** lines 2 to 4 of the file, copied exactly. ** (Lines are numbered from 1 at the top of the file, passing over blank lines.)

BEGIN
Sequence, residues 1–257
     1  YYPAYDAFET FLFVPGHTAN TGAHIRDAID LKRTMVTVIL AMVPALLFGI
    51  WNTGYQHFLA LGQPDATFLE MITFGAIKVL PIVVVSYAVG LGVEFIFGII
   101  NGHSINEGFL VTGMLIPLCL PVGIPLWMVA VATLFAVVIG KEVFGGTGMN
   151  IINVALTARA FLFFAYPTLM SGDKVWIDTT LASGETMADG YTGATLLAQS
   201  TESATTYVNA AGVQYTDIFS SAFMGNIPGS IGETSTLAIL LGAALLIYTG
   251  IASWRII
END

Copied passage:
     1  YYPAYDAFET FLFVPGHTAN TGAHIRDAID LKRTMVTVIL AMVPALLFGI
    51  WNTGYQHFLA LGQPDATFLE MITFGAIKVL PIVVVSYAVG LGVEFIFGII
   101  NGHSINEGFL VTGMLIPLCL PVGIPLWMVA VATLFAVVIG KEVFGGTGMN